Senate Raps Investigation, Chemical Warfare Training


 By Douglas J. Gillert 

American Forces Press Service

 WASHINGTON -- A new Senate report criticizes the federal 

 investigation of Gulf War illnesses but generally supports 

 findings suggesting there's no single cause of the illnesses. 

 Moreover, most military units are not adequately trained to 

 respond to future chemical or biological attacks, the report 



 "There is no smoking gun in this report, no explosive new 

 evidence that says 'whodunit' and why," committee member Sen. 

 Robert Byrd said. But the report confirms that veterans were 

 exposed to "a poison cocktail of hazardous materials, that many 

 are now ill, and that the bureaucratic response has been slow 

 and stumbling," Byrd said.


 The DoD investigation didn't integrate crucial weather 

 information provided by the Air Force, according to the Sept. 1 

 report from the special investigation unit of the Senate 

 Veterans' Affairs Committee. Neither did the department subject 

 its findings to important critical scientific review by outside 

 experts, the report said.


 A scientific consultant contracted by the Senate investigators 

 supported these criticisms. The consultant also said DoD grossly 

 overestimated the numbers of service members who may have been 

 exposed to chemical warfare agents.


 The investigating unit found no evidence to either prove or 

 disprove Iraq used chemical weapons during the Gulf War. 

 However, the report concluded that the U.S. military was not 

 adequately prepared to deal with the threat of biological or 

 chemical warfare and is still unprepared today.


 "Although the threat of chemical and biological warfare has 

 increased since the Gulf War and hangs heavy over the potential 

 battlefields of the 21st century, the military still has 

 inadequate supplies of vaccines and chemical biological 

 protective equipment," the report said.


 "Almost eight years after the Gulf War, our military is still 

 not prepared to fight in a chemical or biological warfare 

 environment, said committee member Sen. Jay Rockefeller. The


 senator pointed to a DoD inspector general report that 

 corroborates these findings.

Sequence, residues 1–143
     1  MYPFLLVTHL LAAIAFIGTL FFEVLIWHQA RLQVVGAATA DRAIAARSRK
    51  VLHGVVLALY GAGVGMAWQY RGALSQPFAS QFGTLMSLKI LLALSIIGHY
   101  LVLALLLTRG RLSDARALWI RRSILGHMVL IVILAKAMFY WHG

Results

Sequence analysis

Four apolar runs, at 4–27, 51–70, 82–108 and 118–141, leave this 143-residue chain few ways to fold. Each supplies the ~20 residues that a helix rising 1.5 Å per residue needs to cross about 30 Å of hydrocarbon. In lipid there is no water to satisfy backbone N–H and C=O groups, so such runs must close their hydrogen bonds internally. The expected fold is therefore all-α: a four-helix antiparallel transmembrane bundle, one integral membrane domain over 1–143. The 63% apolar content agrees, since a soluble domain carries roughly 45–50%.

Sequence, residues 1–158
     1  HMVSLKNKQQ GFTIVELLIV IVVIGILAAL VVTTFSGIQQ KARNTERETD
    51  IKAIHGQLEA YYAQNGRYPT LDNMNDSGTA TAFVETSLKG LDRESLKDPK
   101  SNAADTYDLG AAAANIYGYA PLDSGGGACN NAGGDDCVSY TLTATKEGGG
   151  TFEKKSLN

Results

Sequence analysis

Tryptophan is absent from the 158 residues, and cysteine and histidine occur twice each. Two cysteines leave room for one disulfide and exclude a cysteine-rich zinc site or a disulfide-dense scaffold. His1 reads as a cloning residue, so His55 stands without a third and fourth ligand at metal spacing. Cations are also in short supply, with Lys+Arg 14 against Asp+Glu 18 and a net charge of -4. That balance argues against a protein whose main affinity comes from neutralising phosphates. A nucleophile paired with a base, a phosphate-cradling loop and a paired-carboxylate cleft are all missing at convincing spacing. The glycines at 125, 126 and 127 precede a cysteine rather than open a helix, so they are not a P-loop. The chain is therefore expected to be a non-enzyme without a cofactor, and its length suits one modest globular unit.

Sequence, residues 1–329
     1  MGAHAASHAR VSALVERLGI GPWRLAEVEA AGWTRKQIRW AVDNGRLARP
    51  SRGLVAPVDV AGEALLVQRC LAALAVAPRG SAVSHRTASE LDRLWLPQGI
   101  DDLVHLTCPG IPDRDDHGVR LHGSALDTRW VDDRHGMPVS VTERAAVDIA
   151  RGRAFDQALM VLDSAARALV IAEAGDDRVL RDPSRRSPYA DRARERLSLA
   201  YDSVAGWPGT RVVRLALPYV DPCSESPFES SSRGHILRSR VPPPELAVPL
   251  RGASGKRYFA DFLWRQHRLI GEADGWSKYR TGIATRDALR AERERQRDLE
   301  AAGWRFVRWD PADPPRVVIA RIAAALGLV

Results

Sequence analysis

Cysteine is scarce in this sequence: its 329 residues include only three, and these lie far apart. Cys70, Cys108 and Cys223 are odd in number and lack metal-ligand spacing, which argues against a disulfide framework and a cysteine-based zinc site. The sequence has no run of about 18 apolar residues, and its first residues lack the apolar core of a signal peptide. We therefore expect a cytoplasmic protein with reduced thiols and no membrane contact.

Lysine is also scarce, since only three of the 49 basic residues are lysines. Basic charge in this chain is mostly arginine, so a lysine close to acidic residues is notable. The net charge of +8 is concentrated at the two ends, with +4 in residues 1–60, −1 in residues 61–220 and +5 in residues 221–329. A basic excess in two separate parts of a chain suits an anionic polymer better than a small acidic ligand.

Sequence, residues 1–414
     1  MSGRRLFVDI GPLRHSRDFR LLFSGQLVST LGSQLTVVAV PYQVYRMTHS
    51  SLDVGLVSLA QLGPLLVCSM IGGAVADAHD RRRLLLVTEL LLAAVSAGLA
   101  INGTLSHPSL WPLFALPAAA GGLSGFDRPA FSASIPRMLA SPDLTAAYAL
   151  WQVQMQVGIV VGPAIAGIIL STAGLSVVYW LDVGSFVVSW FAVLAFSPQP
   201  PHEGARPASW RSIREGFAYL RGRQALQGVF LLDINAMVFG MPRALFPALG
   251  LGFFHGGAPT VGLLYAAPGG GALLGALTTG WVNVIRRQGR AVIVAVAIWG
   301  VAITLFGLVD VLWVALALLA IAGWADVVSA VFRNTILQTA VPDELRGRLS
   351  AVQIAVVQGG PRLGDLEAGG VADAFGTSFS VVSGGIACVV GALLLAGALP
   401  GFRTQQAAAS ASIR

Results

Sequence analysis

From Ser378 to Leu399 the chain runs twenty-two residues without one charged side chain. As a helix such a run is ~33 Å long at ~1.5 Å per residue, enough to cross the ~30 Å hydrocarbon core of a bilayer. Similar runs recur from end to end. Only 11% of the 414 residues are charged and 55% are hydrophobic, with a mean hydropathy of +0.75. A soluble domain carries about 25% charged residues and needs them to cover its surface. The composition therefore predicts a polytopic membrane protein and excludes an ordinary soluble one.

The IG report, released July 17, said only the Navy's surface 

 ships have fully integrated chemical and biological defenses 

 into the unit training mission. The DoD inspectors reviewed 232 

 military units. At 187 of the units, "commanders could not 

 adequately assess unit readiness to successfully complete 

 wartime missions under chemical and biological conditions," the 

 IG report stated. Management controls "needed improvement to 

 ensure that chemical and biological defense is fully integrated 

 into all levels of unit training," the report concluded.


 Bernard Rostker, who heads the DoD Gulf War illness 

 investigation, said the Senate report contains good insight 

 about the investigation and recommendations for improvement.


 "While there are some criticisms, which we will address, we 

 appreciate the good working relationships developed with the 

 [special investigation unit] staff who traveled with us to 

 search for answers to help veterans," Rostker said. "We look 

 forward to continuing this work with the committee."


 In an earlier statement, Rostker praised DoD for taking lessons 

 learned from the Gulf War to develop new protective measures for 

 deployed troops. He said his investigation revealed a need for 

 better record-keeping, medical surveillance, environmental 

 sampling and forward-deploying biological detection. Since the 

 Gulf War, he said, DoD has fielded a new gas mask, tested 

 medical dog tags and begun developing improved chemical alarm 



 "I can't take direct credit, but the importance of these issues 

 is consistent with what we have learned," he said.


 DoD also has launched a departmentwide vaccination program that 

 eventually will provide every service member and certain 

 civilian employees and contractors with protection against 

 anthrax, a deadly nerve agent that can be easily weaponized. 

 Anyone deploying to the Persian Gulf receives the shots, and 

 those assigned to units in South Korea received the first of a 

 series of six required inoculations in September.